BMCR 2008.02.12

Art and Text in Byzantine Culture

, Art and text in Byzantine culture. Cambridge: Cambridge University Press, 2007. xv, 230 pages : illustrations (some color) ; 26 cm. ISBN 0521834090 $80.00.

[Titles and authors are listed at the end of the review.]

Liz James begins her introduction to Art and Text in Byzantium by saying that the interface between the two is one of the oldest issues in art history. She continues by asking if art can stand alone or if it is always expressed in the written and the oral, making it thereby exposed to subjective interpretation. In Byzantium, says James, the very security of the state depended on the right interface between images and words, and, “above all, Christ, the Word of God” (1). The Empire was the only major world power that experienced political mayhem resulting from arguments about art. Iconoclasm and the accompanying debates about religious images established “the place of art in society and the relationship of art to words” (2). James concludes her introduction to the essays that follow stating that although art and text may influence each other the contributors to the volume “seek to explore the complexities of the relationship” (9). This relationship between images and words is the unifying theme of the work.

Ruth Webb is the author of the first essay in the book: “Accomplishing the Picture: Ekphrasis, Mimesis and Martyrdom in Asterios of Amaseia”. In her essay, she discusses ekphrasis, a ‘description of a work of art’. Webb cites the experience of Asterios of Amaseia who had seen the sequence of four paintings depicting the trial and torture of Euphemia. Asterios’ work has been used in different ways over the centuries according to agendas lying behind the various means of viewing and describing it. According to Webb, ekphrasis as representation of experience introduces a new level of mimesis into the complex layering of word and image. The Byzantines, in contrast to modern viewers, concentrated on the effect art had on the viewer.

In the second essay, “The Rhetoric of Buildings in the De Aedificiis” Jas Elsner discusses what he calls the rhetoric of buildings in the work of Procopius. De Aedificiis, Procopius’ last work, “offers us a masterly meditation on the problem of turning monuments into discourse” (34). Procopius, combining panegyric and description in De Aedificiis, celebrates Justinian as a masterful builder, which he sees as a reflection of his greatness as emperor. Elsner terms Procopius’ De Aedificiis a “bravado text that transposes real monuments into a textual discourse” (50). In this text and others, Elsner believes that the work of Procopius mirrors the paradoxes besetting the role of emperors since Augustus.1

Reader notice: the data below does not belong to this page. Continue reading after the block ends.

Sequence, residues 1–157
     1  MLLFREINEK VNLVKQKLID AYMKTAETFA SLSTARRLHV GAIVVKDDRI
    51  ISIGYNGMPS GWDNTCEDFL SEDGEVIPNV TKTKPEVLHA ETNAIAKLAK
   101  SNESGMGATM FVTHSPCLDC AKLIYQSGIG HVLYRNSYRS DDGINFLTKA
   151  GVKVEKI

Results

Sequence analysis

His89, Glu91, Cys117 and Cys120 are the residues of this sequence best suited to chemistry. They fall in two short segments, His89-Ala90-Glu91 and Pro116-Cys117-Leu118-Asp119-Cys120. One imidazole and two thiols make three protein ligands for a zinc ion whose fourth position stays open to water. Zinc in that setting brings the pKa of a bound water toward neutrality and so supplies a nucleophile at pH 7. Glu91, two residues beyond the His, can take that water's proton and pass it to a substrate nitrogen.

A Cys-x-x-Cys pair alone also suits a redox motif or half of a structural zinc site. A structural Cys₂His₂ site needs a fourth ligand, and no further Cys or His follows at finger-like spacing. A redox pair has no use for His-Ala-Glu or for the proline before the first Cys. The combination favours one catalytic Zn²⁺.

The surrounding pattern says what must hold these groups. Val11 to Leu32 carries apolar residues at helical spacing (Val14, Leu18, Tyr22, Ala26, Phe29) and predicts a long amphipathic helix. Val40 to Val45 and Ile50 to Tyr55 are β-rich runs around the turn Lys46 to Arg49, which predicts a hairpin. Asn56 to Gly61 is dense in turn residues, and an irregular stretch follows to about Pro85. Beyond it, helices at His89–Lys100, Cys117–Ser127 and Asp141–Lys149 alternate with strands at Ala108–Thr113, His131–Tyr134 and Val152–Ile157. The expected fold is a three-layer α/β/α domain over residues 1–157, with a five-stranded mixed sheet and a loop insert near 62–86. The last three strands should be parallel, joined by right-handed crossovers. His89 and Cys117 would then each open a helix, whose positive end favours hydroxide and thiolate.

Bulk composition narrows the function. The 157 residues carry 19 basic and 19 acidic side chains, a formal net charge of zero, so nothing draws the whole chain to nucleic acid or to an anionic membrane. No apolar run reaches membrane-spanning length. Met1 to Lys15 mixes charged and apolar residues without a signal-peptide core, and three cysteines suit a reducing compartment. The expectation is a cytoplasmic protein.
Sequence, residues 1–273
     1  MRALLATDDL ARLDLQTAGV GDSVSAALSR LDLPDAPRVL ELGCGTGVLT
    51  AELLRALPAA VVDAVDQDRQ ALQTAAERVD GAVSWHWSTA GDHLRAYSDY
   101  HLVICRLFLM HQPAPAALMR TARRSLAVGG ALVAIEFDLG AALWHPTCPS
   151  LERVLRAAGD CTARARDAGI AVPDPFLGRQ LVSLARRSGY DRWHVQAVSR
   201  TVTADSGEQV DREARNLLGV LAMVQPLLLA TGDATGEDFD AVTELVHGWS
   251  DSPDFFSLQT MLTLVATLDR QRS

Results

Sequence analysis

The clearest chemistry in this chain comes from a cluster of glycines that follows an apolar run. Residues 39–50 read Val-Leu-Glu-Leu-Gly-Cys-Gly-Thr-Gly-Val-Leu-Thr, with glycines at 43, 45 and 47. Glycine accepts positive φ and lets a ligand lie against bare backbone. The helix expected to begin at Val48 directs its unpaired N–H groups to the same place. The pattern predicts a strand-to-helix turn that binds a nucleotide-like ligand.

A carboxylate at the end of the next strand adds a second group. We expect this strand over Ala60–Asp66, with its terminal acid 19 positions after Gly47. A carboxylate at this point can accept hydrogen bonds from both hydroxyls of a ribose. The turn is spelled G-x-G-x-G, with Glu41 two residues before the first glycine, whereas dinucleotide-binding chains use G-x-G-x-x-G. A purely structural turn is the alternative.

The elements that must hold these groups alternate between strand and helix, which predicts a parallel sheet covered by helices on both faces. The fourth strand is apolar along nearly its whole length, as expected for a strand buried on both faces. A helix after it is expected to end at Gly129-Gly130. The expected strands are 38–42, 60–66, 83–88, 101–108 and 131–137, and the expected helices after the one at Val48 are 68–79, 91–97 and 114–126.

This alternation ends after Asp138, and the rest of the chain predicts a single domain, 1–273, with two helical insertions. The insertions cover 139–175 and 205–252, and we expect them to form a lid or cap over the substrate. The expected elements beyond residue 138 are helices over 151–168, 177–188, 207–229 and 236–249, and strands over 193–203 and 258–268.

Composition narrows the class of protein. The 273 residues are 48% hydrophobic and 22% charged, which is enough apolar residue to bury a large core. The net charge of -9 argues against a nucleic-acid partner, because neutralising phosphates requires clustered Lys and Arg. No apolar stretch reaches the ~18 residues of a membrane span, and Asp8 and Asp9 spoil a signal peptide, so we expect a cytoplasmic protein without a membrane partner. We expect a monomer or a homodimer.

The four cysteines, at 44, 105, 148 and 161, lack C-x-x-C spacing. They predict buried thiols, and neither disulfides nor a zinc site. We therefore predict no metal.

In her essay, “Every Cliché in the Book: The Linguistic Turn and the Text-Image Discourse in Byzantine Manuscripts,” Leslie Brubaker states in the opening sentence “Images show; words describe,” explaining that “art and text produce parallel streams of communication that create a dialogue between what words can describe and what a picture can show” (58). According to Brubaker, since words and images describe the same thing in different ways, it creates tension. In Byzantium, images helped to convey a message to an audience that was only partly literate. Word and image combined, by contrast, would have had a different impact on a reader of a manuscript who was also the viewer of its pictures. Brubaker concludes that in Byzantium illuminated manuscripts were the medium that communicated ideas more powerfully and effectively than any other (78). We need to add to this observation that such communication was limited to a relatively small literate group.

The fourth essay by Charles Barber is called “In the Presence of the Text: A Note on Writing, Speaking and Performing in the Theodore Psalter” (an eleventh century manuscript in the British Library). Barber describes the images that disrupt the text: figures of Christ, King David and an angel spearing a man. He calls it “an eye-catching image of the power of prayer” (83), and explains that the relationship between images and text are established by a scribal mark. Barber thus assigns priority to the scribe, whom he envisions placing the verbal performance above visual imitation.

Robert S. Nelson prefaces his essay “Image and Inscription: Pleas for Salvation in Spaces of Devotion,” with a quotation from Johann Wolfgang von Goethe’s ‘Early paintings and recent restorations in Venice (1790)’.2 In this quotation Goethe points to the importance in Byzantium of the holiness of icons. Although figures like Mary or Christ can hardly be mistaken, he states, icons always bear an identifying inscription. Nelson cites Matthew 22:15-22 where Jesus is described as calling for a coin, then asking “Whose image ( eiko~n) and inscription ( epigraphe~) is this?” (100). In spite of this early example of image and inscription on a Roman coin, it has been pointed out by Henry Maguire and Karen Boston that identifying inscriptions are rare on early icons. Nelson sees this development as a consequence of the debates during the Iconoclast controversy when it was formulated that the prototype of an image had to be clearly identified. A saint, being no ordinary human, had to be addressed by his or her nomina sacra. It is later, after the fall of Constantinople and with the impact of Western European art that “the discursive rules for word and image on Greek icons change” (116). It had become increasingly important after the Iconoclastic controversy that the holy person, not the picture, should be venerated.